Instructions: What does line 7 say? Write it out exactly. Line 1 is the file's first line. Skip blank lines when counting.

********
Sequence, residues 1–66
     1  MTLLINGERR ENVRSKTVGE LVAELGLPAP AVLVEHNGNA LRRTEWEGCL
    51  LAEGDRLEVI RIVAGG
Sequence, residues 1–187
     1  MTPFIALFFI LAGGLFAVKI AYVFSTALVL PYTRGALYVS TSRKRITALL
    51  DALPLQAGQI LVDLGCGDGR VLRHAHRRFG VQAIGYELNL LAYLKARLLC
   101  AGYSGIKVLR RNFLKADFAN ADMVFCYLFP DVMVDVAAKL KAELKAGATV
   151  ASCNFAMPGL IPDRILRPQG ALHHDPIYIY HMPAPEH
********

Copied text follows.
   101  AGYSGIKVLR RNFLKADFAN ADMVFCYLFP DVMVDVAAKL KAELKAGATV